Attorney General candidates debate criminal justice reform, immigration enforcement

By: Amani Mahmoud, CW and Mark Bertumen, CW

UCR hosted a debate between the four candidates for California’s Office of Attorney General (AG) on the evening of Tuesday, May 15 at the Barbara and Art Culver Center of the Arts.

The event brought together Democrat incumbent Xavier Becerra and his three competing candidates: Steven Bailey, a Republican former superior court judge; Eric Early, a Republican attorney with the firm Early, Sullivan, Wright, Gizer & McRae LLP; and Dave Jones, California’s Democrat commissioner of insurance. The debate was co-moderated by Grover Trask, co-director of UCR’s Presley Center of Crime and Justice Studies, and Paulette Brown-Hinds, founder of Voice Media Ventures and publisher of the Inland Empire’s Voice newspaper.

The hour-long debate served as a question and answer session based on audience questions that were submitted online. The panel first asked the number one priority of the candidates in terms of public safety responsibilities.

Jones responded first, saying that he hopes to improve the rehabilitation of jailed criminals. “I want to focus on substance treatment, job treatment,” Jones said. “If we do not do this, the science tells us that these people will reoffend and cause greater harm.” Early followed, saying that his lead priority was public safety, while Becerra argued that one way of improving public safety would be by removing guns from the hands of known felons in California. Bailey believes that the current consideration of domestic abuse as a “nonviolent crime” and the early release of sexual offenders from prison are partially to blame for the rise of crime by 24 percent in California, and that those precepts ought to be removed to lower crime rates.

Candidates were then asked about their personal qualities, those that they have outside of their profession that assists voters in deciding who should be the new AG.

Early spoke first. “I care deeply about the people of all races, creed, nationality and sexuality,” Early stated. “If you are a law-abiding citizen of this state, you will have no better friend in government than me. If you’re not, I am not going to be your friend.” Jones responded next, saying that he wants to bring people from “all walks of life” together to confront challenges concerning rehabilitating those coming out of prison. Becerra said that he intends to “make people believe that they can trust what I say. I intend to try and earn respect.”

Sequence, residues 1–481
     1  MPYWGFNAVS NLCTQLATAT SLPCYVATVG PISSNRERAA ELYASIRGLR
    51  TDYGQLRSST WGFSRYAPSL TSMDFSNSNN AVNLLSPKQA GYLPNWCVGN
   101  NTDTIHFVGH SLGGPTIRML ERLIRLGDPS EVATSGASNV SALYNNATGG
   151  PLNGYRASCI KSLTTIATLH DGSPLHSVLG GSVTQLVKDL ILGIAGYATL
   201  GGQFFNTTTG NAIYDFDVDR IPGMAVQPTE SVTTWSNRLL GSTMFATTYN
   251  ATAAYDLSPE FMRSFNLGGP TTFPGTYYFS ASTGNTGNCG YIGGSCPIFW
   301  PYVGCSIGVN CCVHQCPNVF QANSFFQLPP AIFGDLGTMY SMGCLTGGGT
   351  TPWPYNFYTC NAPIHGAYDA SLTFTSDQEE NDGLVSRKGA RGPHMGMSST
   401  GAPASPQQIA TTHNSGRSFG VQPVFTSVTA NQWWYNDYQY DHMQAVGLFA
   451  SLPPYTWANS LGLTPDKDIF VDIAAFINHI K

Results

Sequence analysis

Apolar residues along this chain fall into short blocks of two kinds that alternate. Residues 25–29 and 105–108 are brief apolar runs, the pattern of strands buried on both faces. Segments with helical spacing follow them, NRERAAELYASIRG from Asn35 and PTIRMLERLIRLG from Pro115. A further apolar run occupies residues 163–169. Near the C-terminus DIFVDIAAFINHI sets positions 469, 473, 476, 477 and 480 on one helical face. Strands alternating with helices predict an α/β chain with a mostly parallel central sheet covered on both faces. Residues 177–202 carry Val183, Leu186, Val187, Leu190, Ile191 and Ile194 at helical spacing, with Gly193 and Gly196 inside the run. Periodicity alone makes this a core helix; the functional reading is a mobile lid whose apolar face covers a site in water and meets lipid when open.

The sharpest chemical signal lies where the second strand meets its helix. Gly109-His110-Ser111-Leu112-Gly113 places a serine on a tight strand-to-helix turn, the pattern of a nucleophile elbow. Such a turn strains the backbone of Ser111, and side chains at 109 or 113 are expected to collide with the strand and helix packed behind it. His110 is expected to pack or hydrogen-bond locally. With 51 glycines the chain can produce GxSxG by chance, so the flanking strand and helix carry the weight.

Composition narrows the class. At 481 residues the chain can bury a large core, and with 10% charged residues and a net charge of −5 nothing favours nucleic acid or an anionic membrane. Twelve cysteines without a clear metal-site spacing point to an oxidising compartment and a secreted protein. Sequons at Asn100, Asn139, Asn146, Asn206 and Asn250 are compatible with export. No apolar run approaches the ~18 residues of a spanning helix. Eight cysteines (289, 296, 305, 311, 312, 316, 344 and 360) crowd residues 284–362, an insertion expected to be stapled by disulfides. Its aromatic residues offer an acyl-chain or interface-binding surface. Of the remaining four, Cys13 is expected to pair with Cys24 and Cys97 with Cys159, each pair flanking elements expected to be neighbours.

The debate later focused on the more than 30 lawsuits that Becerra has filed against President Trump and the federal government, asking the candidates if this was straying away from the duties of the attorney general.

Bailey believed that California did not have to make a lawsuit for every event that happens in Washington D.C. “We’ve got a number of lawsuits that are just, quite frankly, frivolous,” Bailey declared. As AG, Bailey said he would look over the lawsuits and drop those that he considers “frivolous.” Jones responded that there were more pressing matters in California that Becerra had overlooked as a result of the lawsuits, stating that there were 10,000 people with guns “who by law should not have them” and that Becerra had not paid much attention to the opioid epidemic in the state. Early said that the excessive lawsuits were draining California’s taxpayers of its money to be carried out. Becerra held fast that he had been doing the right thing, pointing out that there had been victory in 17 of those 32 lawsuits so far, specifically referencing the lawsuit over Trump’s attempts to take away birth control under the Affordable Care Act.

The panel then asked the candidates about their thoughts on Assembly Bill (AB) 109, a piece of legislature that in 2011 declared that felony offenders would be put in county jails instead of state prisons, in the event that state prisons become overcrowded. The panel pointed out that AB 109’s “decarceration efforts were enhanced” by Prop 47, which turned drug crimes from felonies to misdemeanors, and Prop 57, which allowed the consideration of parole for non-violent criminals.

Early responded that no provisions were made to accommodate the shift in the jailing paradigm. “There was no money given to these local (county) communities and it has caused a mess in our state jail system,” Early said. Concerning Prop 57, Early believed that “nobody in (the) audience wants the early release of these people. Those in charge of Sacramento for years are turning California into a criminals’ paradise.” He would amend the pieces of legislation if given the chance. Bailey stated that California has created a “failed policy” with these acts of legislature, resulting in crime on the streets that has to be taken care of.